T: I haven’t felt the need to increase my coverage in a while. Even if I died tomorrow, my family would be able to survive. I don’t have a kid. So, I would really rather allocate more of my funds towards investment policies or investing in general.
TSS: You sound like a big fan of investing.
T: I was always aware of the value of compounding interest, so I quickly bought an investment-linked policy at age 24.
TSS: Why not just invest on your own?
T: I never had the time to learn about stocks, bonds, and basically doing it yourself… I thought it would be much better to leave this to the experts. The great thing was also that in addition to being able to invest my money, there was also protection coverage included with my Investment-Linked Plans (ILPs).
As part of her yearly review with her agent, Tracy also checks the performance of the funds she’s invested in too. After all, if part of your premiums are being put towards growing your wealth, it had better be doing just that.
So, what exactly do you have to account for when you’re reviewing your policies? Fret not, procrastinators–here’s a checklist to make sure you’re covering all your bases:
The types of policies you have
There are different policies covering different things, like term life, critical illness, hospitalisation and more. Just like Nicole, you can review your insurance portfolio to figure out if there are any “gaps” in your coverage and adjust your coverage to cover those “gaps” such that it gives you assurance, if the worst does happen.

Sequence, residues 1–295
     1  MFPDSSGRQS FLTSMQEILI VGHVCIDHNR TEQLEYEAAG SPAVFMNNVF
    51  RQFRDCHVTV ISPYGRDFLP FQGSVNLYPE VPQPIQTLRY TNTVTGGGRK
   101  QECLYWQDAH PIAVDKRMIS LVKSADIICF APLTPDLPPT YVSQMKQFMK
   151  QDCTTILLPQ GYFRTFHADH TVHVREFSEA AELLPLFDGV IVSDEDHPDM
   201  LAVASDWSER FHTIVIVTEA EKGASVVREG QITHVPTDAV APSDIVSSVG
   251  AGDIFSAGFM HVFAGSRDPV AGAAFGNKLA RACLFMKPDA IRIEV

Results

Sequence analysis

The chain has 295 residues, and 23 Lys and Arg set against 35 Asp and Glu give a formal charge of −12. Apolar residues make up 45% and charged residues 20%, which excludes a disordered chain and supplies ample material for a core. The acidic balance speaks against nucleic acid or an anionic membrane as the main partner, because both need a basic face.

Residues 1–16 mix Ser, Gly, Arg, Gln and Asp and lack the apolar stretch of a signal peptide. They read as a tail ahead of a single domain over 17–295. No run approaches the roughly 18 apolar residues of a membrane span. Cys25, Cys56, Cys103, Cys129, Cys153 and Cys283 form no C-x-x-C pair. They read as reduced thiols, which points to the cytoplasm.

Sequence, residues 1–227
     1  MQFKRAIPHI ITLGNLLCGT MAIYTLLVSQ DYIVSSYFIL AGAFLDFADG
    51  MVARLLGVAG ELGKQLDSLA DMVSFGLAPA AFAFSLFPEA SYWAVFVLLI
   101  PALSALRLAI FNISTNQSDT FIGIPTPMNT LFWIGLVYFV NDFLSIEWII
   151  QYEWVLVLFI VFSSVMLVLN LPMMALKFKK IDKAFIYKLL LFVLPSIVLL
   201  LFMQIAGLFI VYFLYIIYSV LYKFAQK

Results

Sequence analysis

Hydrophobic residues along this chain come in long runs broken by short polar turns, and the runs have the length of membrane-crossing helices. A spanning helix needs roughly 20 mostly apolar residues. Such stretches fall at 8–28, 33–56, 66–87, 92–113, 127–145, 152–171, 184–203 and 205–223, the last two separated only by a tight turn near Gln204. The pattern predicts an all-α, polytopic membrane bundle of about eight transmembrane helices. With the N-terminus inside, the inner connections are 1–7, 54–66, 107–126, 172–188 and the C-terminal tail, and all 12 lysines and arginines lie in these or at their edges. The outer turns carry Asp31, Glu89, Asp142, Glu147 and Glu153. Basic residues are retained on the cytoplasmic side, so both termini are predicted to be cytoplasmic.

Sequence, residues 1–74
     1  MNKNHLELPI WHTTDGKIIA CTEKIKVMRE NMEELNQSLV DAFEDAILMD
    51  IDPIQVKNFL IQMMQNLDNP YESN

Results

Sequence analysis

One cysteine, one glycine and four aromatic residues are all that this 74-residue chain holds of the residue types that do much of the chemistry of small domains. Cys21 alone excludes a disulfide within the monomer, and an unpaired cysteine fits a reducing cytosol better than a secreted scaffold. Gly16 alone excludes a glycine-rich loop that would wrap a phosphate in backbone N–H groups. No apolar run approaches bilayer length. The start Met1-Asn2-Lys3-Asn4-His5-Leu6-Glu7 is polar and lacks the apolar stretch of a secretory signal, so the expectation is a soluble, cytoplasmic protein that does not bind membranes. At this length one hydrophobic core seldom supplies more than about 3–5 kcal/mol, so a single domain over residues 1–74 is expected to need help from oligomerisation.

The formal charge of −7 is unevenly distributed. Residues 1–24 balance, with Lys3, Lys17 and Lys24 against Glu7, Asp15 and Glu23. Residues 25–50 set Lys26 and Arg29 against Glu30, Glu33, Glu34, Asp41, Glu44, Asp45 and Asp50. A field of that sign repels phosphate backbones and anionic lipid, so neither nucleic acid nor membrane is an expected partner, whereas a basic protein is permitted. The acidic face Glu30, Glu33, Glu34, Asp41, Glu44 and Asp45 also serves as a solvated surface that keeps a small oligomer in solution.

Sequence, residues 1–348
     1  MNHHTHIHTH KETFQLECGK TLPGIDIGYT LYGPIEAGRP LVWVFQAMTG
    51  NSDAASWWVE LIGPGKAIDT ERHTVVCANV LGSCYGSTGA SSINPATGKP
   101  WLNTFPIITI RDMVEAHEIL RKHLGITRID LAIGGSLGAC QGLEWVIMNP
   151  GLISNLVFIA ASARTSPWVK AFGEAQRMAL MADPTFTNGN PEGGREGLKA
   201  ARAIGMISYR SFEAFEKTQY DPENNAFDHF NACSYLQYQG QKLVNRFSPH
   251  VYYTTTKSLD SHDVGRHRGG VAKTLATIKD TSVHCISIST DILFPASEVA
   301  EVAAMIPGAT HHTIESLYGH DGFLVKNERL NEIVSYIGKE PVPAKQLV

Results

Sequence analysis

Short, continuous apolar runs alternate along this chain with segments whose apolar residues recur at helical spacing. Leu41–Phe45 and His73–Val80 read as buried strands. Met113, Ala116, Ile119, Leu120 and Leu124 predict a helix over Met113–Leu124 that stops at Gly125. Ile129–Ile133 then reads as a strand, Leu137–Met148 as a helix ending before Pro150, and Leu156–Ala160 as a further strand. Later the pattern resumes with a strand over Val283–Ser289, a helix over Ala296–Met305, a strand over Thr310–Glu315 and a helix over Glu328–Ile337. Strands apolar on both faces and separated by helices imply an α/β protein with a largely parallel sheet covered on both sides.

The A to Z of your coverage
If you routinely forget the details of your coverage, reviewing it yearly can help you keep track of what’s what. This includes how much your insurance payout will be (in case you need to increase it because you’re taking on more dependents), what you’re covered for and what’s excluded from your policy coverage (so you remember what you can make claims for), and how long you’re being covered for (so you can adjust the coverage period accordingly, for whatever reason).
The cost of surrendering a policy
Don’t ever forget the fine print. Surrendering a policy doesn’t always mean you’ll get money back, and that is absolutely the case for health and term insurance policies. Since they’re mostly geared towards just protecting you, you won’t get any money back by surrendering these insurance policies.
Policies like ILPs, whole life insurance, and endowment plans may have cash values. During your review, ask your agent to help crunch some numbers for you—in particular, your total premiums paid thus far, and the lowest surrender value at that point in time. Remember to factor in hidden fees and extra charges, especially if your policies have a lock-in period.